“A focus on evidence-based medicine has had wide-ranging impact, reducing costs and unnecessary treatment and creating an efficient Independent Medical Review (IMR) to resolve disputes.” (California DIR)

By the numbers, medical disputes in California are not widespread. When disputes arise, the dispute resolution process (i.e., UR and IMR) is effective in protecting injured workers from inappropriate medical treatment and employers from unnecessary expense.

The workers’ compensation system in California is far from perfect. However, methods to expedite the delivery of care to injured workers already exist. Examples range from 30-day Pass-through / 30-day Exemption Items per SB 1160, Expedited Review, and Prior Authorization Lists. IMR processing timeframes have also improved to 9-days (average age from receipt of complete medical records) as of November 2018 (Parisotto, George. CSIA Conference Presentation. 09 April 2019).

The solution is not to repeal more than a decade of progress by passing over-reaching legislation. The solution is aligning with partners that value scientific evidence, improved health outcomes, collaboration with all stakeholders involved in the care and claim continuum, and whose practices are founded in transparency.

The vehicle to deliver prompt and appropriate medical treatment to injured workers is fueled by evidence-based medicine. If the California workers’ compensation community continues to work with the DWC to ensure the use of it in the clinic, the solutions that AB 1107 seeks to produce will come to fruition.

Categories: Evidence-Based Medicine (EBM), Managed Care, Opioids, State Government, State Workers' Compensation Standards, Utilization Review

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2 replies

  1. Hi Carlos,

    Good post. Should make people think about what they are doing.

    I have a slightly different perspective on the use of UR. I’d like to know how doing more UR for routine diagnostics and physical therapy affect other claims costs. Sure, you may see fewer medical exams/treatments, but what is the impact on delays in care, length of the claim, return-to-work stats, litigation rates, indemnity costs and more?

    I think the answer to initial UR is to pick your occ med referring physicians carefully and trust that they’ll do the right thing for the injured workers and the employer. Less UR might save lots of money.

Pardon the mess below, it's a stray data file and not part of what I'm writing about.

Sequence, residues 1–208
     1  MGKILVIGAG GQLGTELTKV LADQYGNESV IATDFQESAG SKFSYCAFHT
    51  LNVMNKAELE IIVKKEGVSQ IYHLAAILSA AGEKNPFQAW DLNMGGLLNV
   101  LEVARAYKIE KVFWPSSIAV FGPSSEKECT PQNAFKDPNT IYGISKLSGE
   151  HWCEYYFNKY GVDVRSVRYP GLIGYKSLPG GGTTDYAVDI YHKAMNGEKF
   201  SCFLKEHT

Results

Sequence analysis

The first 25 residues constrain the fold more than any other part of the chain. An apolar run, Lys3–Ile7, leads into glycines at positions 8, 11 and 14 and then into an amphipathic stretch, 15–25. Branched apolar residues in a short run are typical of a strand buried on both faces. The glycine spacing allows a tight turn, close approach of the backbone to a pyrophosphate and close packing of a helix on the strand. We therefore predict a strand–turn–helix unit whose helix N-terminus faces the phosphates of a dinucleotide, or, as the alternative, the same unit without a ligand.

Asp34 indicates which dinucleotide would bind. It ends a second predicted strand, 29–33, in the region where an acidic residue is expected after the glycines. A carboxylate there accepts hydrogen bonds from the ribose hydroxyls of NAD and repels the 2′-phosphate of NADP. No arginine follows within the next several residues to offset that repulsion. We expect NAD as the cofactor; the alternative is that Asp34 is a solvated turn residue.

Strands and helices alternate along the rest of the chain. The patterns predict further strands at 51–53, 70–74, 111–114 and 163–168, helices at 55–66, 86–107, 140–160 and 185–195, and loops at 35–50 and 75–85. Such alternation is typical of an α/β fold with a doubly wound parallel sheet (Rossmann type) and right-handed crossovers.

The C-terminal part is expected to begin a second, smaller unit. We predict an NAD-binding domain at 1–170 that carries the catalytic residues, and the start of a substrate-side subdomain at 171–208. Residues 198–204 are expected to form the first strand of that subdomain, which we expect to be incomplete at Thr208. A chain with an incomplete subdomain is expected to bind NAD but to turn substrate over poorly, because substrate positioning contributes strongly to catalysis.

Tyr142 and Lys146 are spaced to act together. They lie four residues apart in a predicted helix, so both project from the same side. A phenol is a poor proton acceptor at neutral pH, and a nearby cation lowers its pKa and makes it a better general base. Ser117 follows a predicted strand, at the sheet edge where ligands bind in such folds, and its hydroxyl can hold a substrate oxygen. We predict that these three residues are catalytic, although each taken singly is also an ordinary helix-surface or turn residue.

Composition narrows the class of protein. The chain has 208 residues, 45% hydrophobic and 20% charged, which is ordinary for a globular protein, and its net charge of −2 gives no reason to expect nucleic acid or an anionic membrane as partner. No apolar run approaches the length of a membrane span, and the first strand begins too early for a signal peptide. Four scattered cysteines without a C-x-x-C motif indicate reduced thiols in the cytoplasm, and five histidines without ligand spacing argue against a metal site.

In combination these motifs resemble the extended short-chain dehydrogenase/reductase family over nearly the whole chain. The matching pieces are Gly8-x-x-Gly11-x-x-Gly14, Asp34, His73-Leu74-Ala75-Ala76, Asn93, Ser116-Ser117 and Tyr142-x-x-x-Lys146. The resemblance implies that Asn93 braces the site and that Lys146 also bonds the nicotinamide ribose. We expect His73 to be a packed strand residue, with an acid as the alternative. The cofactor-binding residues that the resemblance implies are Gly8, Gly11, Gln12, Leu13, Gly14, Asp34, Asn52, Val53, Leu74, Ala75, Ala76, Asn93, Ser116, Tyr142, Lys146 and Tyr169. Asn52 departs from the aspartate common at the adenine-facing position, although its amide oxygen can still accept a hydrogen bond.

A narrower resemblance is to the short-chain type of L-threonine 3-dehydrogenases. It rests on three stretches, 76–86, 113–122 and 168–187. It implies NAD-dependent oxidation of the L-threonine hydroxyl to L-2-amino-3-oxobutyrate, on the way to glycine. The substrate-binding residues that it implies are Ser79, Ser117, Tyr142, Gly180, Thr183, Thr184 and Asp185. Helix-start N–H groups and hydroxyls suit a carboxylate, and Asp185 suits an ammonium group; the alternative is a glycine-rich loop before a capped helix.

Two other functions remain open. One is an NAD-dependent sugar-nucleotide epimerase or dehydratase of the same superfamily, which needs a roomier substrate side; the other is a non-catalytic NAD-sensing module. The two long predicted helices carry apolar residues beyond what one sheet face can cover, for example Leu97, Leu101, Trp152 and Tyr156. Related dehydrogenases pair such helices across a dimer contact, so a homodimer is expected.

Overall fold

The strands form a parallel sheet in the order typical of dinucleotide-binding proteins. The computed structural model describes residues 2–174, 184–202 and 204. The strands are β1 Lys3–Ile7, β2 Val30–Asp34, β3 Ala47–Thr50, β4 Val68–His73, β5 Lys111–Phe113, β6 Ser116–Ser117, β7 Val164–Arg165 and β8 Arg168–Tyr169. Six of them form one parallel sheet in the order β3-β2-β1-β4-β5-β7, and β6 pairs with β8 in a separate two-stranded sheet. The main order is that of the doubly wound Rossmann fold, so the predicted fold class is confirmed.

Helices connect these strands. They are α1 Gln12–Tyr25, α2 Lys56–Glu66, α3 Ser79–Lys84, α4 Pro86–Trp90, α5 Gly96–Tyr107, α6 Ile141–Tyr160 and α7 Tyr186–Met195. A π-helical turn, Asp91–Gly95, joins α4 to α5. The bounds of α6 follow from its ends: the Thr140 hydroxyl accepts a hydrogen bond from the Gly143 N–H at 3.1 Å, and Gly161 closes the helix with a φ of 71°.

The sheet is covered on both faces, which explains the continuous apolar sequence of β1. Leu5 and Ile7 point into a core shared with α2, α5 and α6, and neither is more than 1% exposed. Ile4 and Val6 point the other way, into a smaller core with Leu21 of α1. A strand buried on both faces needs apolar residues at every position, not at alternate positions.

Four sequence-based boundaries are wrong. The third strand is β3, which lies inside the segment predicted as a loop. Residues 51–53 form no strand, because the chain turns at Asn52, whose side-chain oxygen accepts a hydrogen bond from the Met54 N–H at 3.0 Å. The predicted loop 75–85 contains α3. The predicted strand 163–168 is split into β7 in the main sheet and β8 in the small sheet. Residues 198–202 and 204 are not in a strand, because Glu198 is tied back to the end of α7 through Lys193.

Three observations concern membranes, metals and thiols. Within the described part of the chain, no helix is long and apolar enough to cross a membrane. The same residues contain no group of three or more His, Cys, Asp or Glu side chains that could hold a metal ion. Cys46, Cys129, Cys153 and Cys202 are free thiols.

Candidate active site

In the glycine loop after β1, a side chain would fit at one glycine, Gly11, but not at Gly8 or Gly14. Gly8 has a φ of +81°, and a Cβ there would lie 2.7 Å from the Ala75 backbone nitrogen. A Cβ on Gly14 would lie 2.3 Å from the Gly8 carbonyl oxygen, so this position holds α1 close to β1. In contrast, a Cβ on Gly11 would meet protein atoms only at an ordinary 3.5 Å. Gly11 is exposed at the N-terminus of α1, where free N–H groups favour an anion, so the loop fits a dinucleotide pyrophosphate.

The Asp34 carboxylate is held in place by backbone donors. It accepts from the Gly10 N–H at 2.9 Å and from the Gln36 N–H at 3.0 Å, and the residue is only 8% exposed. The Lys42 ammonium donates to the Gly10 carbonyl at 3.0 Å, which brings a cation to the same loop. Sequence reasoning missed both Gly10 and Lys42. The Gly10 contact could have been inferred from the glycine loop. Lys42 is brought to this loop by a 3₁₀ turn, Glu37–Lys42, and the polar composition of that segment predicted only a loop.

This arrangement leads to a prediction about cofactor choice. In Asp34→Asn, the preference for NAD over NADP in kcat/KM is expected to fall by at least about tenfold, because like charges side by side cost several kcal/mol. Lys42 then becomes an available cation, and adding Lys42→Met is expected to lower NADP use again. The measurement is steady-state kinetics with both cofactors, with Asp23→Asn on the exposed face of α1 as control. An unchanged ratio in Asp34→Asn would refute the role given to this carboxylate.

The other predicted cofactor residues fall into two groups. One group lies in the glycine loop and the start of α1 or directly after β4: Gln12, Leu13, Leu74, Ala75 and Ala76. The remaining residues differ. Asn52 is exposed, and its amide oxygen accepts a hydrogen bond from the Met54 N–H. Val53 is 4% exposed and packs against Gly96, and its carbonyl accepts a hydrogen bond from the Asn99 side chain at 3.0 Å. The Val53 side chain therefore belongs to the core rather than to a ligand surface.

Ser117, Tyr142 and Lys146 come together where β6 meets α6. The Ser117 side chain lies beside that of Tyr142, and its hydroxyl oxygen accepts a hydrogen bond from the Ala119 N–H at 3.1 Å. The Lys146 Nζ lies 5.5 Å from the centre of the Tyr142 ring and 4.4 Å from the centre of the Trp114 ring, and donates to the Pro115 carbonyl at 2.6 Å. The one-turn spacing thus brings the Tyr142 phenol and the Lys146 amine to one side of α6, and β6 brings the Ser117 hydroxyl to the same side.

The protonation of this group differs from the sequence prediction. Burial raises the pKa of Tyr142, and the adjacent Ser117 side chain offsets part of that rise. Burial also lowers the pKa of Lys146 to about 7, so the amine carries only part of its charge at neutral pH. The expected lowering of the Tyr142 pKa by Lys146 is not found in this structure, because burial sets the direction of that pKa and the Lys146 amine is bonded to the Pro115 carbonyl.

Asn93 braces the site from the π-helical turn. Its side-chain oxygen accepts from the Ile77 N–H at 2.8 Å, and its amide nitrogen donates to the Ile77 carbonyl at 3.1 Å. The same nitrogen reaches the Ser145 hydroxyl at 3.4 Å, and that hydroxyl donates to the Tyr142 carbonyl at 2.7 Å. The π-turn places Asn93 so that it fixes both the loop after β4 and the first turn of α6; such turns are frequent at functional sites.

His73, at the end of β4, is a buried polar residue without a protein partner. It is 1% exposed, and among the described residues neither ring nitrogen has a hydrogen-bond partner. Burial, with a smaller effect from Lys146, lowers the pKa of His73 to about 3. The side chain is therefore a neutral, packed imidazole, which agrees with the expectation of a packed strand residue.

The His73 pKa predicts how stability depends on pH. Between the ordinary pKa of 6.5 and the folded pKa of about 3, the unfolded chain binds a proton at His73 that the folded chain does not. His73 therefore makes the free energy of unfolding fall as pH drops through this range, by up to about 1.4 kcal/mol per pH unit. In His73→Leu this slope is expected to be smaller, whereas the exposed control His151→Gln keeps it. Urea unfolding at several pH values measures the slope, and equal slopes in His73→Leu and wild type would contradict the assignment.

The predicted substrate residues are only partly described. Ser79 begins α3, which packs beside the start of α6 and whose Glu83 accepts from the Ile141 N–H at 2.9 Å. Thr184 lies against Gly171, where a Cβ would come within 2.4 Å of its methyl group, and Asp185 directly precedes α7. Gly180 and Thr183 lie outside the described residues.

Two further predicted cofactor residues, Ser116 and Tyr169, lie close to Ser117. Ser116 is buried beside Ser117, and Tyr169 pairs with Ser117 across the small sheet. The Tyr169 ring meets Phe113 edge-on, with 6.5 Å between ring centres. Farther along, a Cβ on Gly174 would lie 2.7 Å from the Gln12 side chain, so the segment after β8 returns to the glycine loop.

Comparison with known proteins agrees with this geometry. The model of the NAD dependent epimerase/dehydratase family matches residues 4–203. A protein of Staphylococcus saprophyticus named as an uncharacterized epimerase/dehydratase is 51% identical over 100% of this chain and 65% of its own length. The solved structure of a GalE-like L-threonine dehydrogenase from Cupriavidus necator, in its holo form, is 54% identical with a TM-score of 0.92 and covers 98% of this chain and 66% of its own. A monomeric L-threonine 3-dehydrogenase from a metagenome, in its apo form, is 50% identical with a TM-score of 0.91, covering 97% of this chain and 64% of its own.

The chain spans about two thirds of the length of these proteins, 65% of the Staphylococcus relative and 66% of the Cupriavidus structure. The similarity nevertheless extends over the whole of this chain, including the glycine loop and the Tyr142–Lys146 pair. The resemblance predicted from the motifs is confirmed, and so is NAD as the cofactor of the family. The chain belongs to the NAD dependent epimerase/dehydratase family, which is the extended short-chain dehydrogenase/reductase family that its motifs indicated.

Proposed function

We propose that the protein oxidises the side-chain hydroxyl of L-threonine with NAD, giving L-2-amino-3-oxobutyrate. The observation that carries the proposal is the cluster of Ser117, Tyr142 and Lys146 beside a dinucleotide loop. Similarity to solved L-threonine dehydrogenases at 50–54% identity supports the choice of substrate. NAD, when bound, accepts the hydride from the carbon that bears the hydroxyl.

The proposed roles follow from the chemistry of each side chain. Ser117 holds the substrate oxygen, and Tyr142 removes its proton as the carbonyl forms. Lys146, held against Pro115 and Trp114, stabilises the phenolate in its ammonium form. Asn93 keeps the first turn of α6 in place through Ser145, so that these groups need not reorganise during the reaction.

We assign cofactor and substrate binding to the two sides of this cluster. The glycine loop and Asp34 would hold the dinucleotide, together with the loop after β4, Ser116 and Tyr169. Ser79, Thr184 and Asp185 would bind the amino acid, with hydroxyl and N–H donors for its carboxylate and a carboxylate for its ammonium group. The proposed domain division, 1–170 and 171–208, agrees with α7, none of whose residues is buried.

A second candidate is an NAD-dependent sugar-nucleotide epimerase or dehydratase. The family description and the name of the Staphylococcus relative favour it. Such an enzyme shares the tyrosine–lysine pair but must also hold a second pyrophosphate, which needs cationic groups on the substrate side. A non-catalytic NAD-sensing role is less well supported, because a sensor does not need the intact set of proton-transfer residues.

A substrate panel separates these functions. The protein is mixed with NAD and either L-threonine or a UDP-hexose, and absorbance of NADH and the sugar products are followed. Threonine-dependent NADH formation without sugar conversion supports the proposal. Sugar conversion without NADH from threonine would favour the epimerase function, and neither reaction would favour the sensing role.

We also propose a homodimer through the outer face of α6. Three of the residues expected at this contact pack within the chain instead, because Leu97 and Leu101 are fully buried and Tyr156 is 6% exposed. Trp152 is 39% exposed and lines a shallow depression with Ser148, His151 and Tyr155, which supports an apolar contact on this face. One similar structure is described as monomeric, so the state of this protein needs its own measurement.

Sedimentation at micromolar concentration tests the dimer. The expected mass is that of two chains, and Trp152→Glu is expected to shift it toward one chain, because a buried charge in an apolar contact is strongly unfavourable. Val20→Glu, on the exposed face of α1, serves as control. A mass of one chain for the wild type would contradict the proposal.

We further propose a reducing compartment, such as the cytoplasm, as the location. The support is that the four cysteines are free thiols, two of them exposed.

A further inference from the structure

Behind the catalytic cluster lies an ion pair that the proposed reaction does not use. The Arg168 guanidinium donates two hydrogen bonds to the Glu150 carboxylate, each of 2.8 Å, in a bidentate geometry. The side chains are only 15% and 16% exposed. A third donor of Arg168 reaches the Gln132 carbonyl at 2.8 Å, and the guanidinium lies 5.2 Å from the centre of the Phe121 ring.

2. My comment on the statistic reported here they are deceptively inaccurate. Where due to the effects of this new UR and IMR system, which has allowed at least for State Compensation Insurance Fund to now continually deny most all my treatment and has over the last 10 years failed to find and provide for me most of the Medical Providers I require, all of this can all be attributed to their fully abusing and over using these 2013 reforms. Reforms in themselves which have created such onerous requirements for Medical Providers to meet while receiving no extra pay to compensate them for doing so, that they have determined they can no longer accept Injured Workers as patients, finding all the extra work results in taking their valuable time away from treating Patients with Private Insurance, Medicare or paying out of pocket that keep their practices viable. So, with State Fund abuse along with these reforms this has left few to any Providers still willing to accept injured workers as patients in California, but also outside the state. As such, this would account for the statistics over the numbers of disputed treatments coming from just a few Doctors, with only a few left disputing. Where after this system was put into place, the rate of my denied treatment has escalated exponentially and where much treatment approved in the past and proven very successful over the years is no longer allowed. Where not only has my treatment been denied, but while living in Northern California, State Fund could no longer provide me the basics of a Primary Treating Physician, PTP, much less any of the Specialist I required. Leaving me traveling well over 100 mile to the Sacramento, CA. area from the Chico, Ca area to be seen by the few specialist who would still see me, but still no PTP there either. Thus finding no reason to stay in California, having to mainly just rely on those providers accepting my Medicare and Supplemental to now take care most all my WC Medical Needs. So, after years of lack of Providers and good medical treatment provided under WC, starting to see some treatment being denied as early as 2007, I was forced to leave my Position with CAL FIRE on100 % industrial Disability in 2009 due to Cumulative Injuries. But as this became more of a problem after 2013, and like I said my loosing most all of my local Providers, having to now travel 100rds of miles to see some, I fortunately found leaving California a benefit, but not in a manor that resulted in better treatment. This was because we were able to sell our home in Paradise, CA in 2017, before it burned in the 2008 Camp Fire. So prior to my leaving California as well as after doing so, as a result of lack of or denied good quality treatment for my 6 WC injuries, in 2018 after 9 years of litigation watching my conditions just deteriorate, this was very evident to the judge awarding me a 100% permanent disability on a combined 3 Injuries, with another 25% for another unsettled injury, already having 2 other injury settled at 38% and 19% in the past. Having a substantial award that could have been much less in settled years earlier, but more importantly given me a much better quality of life into my retirement year they stole from me. So, again under this broken over-abused system denying more treatment than now is approving and leaving just a few Providers willing to see injured workers as patient, no wonder the statistic can be skewed in favor of the Workers’ Comp Insurance Industry. This needs fixing now or you may no longer see any Medical Providers left, much less see injured worker return to their jobs, with more settlements like mine.